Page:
England’s David Lynn shot a career low 63, seven under par, to open up a one stroke lead over the field after the first round of the KLM Open at Hilversumche Golf Club in The Netherlands.
Lynn leads by one from compatriot Andrew Raitt with four players, including Ireland’s Paul McGinley, one of the four players in the field battling for a place in the European Ryder Cup Team, on five under par 65.
Three birdies in the first three holes got Lynn off to a flying start, hitting his approach shot stiff on the first before holing putts of 20 and 30 feet respectively on the next two holes. A fourth birdie of the day followed on the seventh on his way to an outward half of 31.
His only dropped shot came on the 11th, where his three iron approach ran through the green, but he responded with an eagle on the very next hole, again hitting a three iron second shot but this time converting from 25 feet. Another shot was picked up on the par three 15th before closing his round off with a two putt birdie on the final hole.
“The game has been feeling really good the last few months but my putting has not been great. Today there was a bit of a reversal. I was working on my putting when I got here on Tuesday and something has dropped in, feels really nice but the game doesn’t feel as in control as it has done. But it was the lowest round of my career so delighted about that.”
Much of the talk this week centres around The Ryder Cup with just four weeks remaining to qualify for the European Team travelling to Oakland Hills, Bloomfield Hills, Michigan, next month. The main focus in that respect is on four players in the running – David Howell and Ian Poulter, both currently in the qualifying places, and Graeme McDowell and Paul McGinley, both trying to force their way into the Team.
The honours on the first day went to McGinley, a player who will always hold a place in Ryder Cup folklore having holed the winning putt at The De Vere Belfry two years ago.
An eagle on the final hole completed an impressive opening 65, five under par, as he looks to make up ground on those players currently in the team. He is currently €213,417 behind Joakim Haegmann, the tenth placed player.
“The bottom line is I am either going to do it or I am not but the fun is trying,” said McGinley. “It is an exciting thing. It is fun being in the melting pot and trying to make the team. People say you should forget the Ryder Cup but I don’t agree with that. I think you have to enjoy it and enjoy the process. I did that the last time. I was in a similar situation and ended up going away from the rest of the guys and making the team comfortably.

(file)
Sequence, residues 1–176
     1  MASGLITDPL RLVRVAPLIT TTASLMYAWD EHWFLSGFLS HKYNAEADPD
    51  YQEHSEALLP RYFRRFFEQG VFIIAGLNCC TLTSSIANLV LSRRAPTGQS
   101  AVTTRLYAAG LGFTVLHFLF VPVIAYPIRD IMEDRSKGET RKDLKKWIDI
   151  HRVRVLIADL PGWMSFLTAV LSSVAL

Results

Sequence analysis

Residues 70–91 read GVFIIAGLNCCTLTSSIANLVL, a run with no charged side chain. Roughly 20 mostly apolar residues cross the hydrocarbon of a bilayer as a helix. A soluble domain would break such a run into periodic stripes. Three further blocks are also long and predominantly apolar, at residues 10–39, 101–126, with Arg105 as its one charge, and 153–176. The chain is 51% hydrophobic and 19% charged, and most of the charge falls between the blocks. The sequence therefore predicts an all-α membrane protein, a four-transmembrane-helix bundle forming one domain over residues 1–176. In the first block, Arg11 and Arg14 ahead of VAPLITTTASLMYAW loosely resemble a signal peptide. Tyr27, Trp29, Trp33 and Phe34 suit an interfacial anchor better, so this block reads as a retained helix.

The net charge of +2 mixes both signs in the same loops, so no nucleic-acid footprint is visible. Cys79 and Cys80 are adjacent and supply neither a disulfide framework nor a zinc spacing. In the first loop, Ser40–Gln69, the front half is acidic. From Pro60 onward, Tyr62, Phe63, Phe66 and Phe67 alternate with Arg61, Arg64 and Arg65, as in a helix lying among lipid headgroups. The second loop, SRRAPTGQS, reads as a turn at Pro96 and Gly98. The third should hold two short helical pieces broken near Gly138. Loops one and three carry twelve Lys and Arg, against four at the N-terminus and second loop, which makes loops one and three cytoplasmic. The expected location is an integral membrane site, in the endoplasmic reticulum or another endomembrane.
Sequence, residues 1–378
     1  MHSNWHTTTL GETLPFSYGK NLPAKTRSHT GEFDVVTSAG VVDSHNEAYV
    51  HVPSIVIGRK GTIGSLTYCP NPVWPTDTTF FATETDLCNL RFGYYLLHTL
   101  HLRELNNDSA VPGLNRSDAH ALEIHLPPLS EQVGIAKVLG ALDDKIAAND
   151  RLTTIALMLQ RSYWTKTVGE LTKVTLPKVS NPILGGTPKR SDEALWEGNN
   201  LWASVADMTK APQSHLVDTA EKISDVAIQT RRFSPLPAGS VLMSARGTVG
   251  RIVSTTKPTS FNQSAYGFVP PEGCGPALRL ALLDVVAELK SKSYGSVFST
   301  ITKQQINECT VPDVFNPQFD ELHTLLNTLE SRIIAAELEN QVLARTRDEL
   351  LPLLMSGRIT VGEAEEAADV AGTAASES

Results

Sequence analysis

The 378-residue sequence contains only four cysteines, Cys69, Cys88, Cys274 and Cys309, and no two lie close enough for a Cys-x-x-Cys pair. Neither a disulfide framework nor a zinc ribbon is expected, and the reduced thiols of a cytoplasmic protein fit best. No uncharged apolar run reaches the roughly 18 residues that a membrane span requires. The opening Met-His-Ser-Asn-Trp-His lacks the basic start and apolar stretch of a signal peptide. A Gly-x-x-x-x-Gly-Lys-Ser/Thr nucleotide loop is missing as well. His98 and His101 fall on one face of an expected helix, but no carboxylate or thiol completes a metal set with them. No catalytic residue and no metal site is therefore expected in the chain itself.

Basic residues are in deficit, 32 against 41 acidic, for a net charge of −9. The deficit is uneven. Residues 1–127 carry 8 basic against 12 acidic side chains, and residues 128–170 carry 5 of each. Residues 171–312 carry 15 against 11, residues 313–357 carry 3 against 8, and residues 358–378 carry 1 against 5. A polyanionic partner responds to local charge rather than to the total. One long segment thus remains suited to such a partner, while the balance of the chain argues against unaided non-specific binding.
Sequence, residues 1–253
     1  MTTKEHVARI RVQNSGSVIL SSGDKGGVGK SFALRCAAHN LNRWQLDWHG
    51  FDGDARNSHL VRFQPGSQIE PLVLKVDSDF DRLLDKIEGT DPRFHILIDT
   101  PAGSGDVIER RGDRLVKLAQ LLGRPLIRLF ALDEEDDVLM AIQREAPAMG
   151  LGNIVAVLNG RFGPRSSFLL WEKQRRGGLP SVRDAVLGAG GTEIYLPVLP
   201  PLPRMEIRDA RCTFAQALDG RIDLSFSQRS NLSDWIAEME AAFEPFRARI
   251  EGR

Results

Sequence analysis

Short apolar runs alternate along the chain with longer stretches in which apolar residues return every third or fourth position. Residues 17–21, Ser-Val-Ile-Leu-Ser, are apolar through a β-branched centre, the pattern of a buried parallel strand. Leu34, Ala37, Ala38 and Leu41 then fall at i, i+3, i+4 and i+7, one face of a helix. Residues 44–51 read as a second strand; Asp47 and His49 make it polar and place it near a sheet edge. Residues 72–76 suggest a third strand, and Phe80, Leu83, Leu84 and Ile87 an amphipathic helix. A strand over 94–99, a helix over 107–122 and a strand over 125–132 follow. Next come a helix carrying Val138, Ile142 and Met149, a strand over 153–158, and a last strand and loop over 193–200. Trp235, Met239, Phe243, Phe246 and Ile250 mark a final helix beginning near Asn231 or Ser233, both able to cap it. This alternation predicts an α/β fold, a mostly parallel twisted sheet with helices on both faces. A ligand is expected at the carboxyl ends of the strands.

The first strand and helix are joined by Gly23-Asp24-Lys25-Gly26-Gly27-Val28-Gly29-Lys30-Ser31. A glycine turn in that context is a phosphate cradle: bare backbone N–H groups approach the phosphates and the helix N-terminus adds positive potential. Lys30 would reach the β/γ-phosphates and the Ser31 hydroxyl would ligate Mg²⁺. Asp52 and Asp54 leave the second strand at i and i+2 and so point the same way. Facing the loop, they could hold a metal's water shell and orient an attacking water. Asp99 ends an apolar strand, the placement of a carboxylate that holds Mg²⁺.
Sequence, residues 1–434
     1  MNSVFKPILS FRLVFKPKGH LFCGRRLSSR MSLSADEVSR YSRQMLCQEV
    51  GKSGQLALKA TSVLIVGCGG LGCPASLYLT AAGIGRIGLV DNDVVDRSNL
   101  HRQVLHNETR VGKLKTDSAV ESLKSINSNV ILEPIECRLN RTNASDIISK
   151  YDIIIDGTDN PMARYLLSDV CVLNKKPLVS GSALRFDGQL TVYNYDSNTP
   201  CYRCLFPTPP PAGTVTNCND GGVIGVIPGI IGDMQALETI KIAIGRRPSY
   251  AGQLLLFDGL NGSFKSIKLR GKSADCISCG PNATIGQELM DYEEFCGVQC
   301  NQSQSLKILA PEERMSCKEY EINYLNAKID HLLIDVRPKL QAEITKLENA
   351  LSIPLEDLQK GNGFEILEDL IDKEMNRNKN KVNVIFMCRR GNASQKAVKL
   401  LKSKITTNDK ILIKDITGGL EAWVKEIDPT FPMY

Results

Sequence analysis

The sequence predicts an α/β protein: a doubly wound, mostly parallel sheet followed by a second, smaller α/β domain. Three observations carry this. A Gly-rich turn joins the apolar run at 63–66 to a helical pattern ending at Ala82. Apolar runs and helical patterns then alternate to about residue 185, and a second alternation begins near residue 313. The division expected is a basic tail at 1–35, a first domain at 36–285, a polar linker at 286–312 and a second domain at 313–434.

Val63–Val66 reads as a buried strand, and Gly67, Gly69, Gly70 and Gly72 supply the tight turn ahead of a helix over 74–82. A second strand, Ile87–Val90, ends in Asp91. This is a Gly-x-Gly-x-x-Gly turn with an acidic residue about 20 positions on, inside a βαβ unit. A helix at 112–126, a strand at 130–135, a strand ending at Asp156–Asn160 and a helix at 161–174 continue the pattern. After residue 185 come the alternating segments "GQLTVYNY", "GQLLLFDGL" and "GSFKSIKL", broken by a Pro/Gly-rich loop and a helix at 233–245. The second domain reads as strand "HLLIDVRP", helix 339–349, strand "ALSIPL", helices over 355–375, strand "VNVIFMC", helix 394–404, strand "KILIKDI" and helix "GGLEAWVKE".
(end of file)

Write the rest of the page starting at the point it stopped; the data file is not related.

“There is a pressure. It is a Team I really want to make and it is fun trying to do it. It is a fun goal to be looking to. And there is a lot of adrenaline, even in the first round of the tournament starting at 9am, a lot of adrenaline because of what you can achieve.”
Poulter, holding ninth place in the Team with four events to play, enjoyed one of his best days of the year on the greens as he rolled in seven birdies, but four dropped shots saw him finish four off the early pace.
“I’m fired up,” said the Englishman who missed out on qualifying for the Team last time by just one place. “I just want to get it done and dusted out there. And just enjoy it. I didn’t get frustrated at any time out there. Even when I made bogey I laughed. That’s what you have to do. If you are going to be out there and stressed out it is going to be an even longer day and week for you. Just conserve your energy, do what you need to do and get out of there.”
Ulsterman McDowell, one place ahead of McGinley in the race, bogeyed the last for a 69, one under par, while Howell, eighth in the current standings, fought his way back from poor start where he dropped five shots in the first ten holes with four birdies in the last six to finish on level par 70.
As amateurs Howell and Raitt were walking a similar path but while Howell is looking ahead to a possible Ryder Cup debut, Raitt is looking to quit the game at the end of the year. Since having had the end of a finger bitten off by a dog in 1997, Raitt has been plagued by injury problems and has decided it is time to hang up the clubs. Instead he is concentrating his efforts on a new business venture with his business partner and caddie this week, Paul Thornley, developing a new indoor practice facility known as the “15th Club”, launched in England three weeks ago and already dispatched to Japan and Hong Kong.
Joining McGinley, a shot adrift of Raitt, is Australian Richard Green, showing signs of the form that brought him two runners-up finishes in successive weeks prior to thje Open, New Zealand’s Stephen Scahill and Challenge Tour graduate Martin Wiegele of Austria.